There are some businesses where a CEO will want to sign off all responses to complaints which were addressed to him, but the CEO is still very unlikely to do the investigating. At a small company, it is probably the manager who investigates all the complaints regardless.
This advice is general advice and applies to 95% of large businesses. I know there will be some cases where the complaints department is badly run and by writing to someone senior you can leap over that shambles. But 90% of the time that's not the case, and even if it is, it's not great to start your complaint by insulting the entire complaints department.
My complaint didn't work!
There are normally two reasons why a complaint might not have worked. We all like to think it's the second one. Normally it's the first one.
Maybe you didn't have a case
This is a difficult pill to swallow. Sometimes, your situation wasn't as special as you thought it was. This is especially true if you were expecting compensation.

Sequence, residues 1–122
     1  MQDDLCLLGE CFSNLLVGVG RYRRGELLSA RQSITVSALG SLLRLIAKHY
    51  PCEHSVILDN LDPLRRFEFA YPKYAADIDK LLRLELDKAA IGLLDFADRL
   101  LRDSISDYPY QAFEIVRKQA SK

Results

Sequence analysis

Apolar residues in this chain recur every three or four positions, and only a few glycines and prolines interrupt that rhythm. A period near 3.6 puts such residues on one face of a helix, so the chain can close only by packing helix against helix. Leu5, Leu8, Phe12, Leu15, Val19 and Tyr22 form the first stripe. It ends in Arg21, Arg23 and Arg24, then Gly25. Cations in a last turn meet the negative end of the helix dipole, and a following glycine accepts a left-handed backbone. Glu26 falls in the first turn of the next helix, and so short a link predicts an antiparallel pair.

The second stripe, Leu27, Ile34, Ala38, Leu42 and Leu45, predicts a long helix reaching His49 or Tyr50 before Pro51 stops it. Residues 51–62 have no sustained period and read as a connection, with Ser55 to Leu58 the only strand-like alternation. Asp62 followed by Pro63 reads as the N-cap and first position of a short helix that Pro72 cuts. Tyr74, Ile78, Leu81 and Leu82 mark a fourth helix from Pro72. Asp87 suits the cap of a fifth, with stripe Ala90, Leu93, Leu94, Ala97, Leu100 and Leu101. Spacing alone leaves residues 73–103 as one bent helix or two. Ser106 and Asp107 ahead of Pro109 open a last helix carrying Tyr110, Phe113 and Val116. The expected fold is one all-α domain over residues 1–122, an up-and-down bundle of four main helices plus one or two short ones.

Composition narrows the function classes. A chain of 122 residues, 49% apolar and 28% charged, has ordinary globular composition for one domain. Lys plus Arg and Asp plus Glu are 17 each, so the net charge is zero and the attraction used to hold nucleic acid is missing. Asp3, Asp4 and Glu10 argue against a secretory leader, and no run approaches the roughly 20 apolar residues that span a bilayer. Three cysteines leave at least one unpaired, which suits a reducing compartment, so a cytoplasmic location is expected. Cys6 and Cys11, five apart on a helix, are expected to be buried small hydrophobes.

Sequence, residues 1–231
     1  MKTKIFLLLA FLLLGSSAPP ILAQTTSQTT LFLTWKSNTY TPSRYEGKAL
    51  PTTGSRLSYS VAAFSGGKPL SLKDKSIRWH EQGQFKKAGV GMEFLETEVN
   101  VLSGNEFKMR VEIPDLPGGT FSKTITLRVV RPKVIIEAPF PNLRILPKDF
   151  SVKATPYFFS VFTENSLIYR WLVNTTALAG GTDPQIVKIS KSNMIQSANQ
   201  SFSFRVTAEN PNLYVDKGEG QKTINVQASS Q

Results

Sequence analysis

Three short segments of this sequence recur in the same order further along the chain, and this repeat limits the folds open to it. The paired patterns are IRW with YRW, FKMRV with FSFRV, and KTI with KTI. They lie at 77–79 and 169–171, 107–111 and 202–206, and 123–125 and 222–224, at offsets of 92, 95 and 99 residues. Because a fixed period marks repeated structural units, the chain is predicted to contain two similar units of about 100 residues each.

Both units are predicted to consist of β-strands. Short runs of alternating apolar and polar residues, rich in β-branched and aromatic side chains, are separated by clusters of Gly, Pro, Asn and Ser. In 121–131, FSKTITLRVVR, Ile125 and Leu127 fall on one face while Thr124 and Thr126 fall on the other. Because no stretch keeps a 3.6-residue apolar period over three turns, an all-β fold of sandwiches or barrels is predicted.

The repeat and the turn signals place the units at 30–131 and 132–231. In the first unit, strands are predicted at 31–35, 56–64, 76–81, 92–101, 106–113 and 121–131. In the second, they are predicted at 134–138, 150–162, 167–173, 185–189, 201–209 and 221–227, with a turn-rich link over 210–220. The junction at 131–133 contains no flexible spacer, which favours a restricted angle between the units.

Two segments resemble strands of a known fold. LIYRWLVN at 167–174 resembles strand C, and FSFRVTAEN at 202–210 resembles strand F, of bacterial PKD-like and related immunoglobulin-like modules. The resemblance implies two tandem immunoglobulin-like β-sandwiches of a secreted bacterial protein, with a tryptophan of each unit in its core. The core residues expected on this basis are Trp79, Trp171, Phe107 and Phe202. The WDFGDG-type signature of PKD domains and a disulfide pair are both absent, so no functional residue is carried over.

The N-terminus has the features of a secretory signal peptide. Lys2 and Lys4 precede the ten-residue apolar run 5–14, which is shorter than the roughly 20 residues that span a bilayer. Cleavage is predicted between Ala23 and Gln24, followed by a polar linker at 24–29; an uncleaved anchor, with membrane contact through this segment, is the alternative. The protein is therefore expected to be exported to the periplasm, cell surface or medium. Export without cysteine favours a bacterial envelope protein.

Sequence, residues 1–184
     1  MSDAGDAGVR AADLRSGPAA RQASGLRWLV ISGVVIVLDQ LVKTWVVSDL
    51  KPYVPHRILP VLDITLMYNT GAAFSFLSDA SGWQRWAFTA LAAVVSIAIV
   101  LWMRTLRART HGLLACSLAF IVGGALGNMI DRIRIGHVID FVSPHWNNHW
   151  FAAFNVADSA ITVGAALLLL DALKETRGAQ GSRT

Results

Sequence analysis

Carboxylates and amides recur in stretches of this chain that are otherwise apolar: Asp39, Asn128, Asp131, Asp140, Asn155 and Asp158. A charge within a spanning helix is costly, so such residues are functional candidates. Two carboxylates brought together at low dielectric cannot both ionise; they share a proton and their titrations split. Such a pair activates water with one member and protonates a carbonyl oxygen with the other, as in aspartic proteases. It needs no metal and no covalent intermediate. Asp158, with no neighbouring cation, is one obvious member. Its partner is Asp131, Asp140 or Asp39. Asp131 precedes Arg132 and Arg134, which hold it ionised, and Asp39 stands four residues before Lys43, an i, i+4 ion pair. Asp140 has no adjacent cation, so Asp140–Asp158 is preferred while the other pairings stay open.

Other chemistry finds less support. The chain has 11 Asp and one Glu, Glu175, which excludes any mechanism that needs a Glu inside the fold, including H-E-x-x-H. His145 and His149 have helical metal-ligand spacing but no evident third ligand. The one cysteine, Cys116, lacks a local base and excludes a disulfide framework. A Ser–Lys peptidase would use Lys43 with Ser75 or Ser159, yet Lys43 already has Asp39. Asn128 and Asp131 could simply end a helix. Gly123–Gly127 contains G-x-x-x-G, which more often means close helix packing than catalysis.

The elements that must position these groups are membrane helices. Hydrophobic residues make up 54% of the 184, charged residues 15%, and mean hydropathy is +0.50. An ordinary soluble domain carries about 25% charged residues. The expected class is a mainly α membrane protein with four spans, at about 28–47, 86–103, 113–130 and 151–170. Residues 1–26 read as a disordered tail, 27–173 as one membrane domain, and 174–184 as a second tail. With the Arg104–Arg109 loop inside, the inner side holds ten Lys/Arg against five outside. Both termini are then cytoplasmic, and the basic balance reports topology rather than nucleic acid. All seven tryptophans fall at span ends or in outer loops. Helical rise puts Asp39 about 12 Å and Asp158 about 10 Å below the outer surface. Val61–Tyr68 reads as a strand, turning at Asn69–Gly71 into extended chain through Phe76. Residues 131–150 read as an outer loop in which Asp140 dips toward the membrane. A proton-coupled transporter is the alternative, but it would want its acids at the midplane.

Maybe they didn't take you seriously
This feels more likely.
If you were clear in your complaint about what happened and what you want them to do, and you believe you aren't being unreasonable, then chances are their complaints department is badly run.
Maybe they rushed through your case and didn't read it properly. Maybe their company is badly run all the way through. Maybe they thought they could give you a quick reply and you would go away.
It's hard to give detailed advice for every case, but if you're in this situation you basically need to explain to them why their reply hasn't solved the situation.
If what they've said is untrue, tell them which part were untrue. End by reminding them of what you would consider to be a satisfactory conclusion. Remain polite, even though you're frustrated. You can be persistent while still being polite.
If you feel that the company is never going to listen to what you are saying, don't waste your time with them. You've recorded your complaint and it's in their database. If they ever want to find out why all their customers are leaving them, they can go into their database and find out. Until then, just leave them to do their thing.